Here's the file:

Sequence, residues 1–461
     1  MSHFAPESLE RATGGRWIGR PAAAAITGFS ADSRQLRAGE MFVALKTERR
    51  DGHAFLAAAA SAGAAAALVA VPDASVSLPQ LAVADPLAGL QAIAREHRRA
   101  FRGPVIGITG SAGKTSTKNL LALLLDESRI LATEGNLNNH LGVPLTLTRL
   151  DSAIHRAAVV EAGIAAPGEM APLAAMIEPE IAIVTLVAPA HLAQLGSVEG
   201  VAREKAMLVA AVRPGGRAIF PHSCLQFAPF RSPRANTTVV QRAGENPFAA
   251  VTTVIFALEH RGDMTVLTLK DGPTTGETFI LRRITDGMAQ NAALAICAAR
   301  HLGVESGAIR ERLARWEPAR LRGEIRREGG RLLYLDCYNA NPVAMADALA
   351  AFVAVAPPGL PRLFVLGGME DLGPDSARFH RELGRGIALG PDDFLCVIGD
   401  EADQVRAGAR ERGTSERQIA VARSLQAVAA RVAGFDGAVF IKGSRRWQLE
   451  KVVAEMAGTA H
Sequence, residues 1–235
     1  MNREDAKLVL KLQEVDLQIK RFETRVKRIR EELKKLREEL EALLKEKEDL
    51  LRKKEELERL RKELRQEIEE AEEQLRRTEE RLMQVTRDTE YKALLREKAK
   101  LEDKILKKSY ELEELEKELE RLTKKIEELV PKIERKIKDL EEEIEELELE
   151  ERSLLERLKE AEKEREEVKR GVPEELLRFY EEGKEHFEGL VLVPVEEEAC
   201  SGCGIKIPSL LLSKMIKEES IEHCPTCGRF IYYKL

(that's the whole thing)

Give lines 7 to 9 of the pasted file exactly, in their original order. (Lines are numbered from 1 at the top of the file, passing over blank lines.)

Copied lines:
   251  VTTVIFALEH RGDMTVLTLK DGPTTGETFI LRRITDGMAQ NAALAICAAR
   301  HLGVESGAIR ERLARWEPAR LRGEIRREGG RLLYLDCYNA NPVAMADALA
   351  AFVAVAPPGL PRLFVLGGME DLGPDSARFH RELGRGIALG PDDFLCVIGD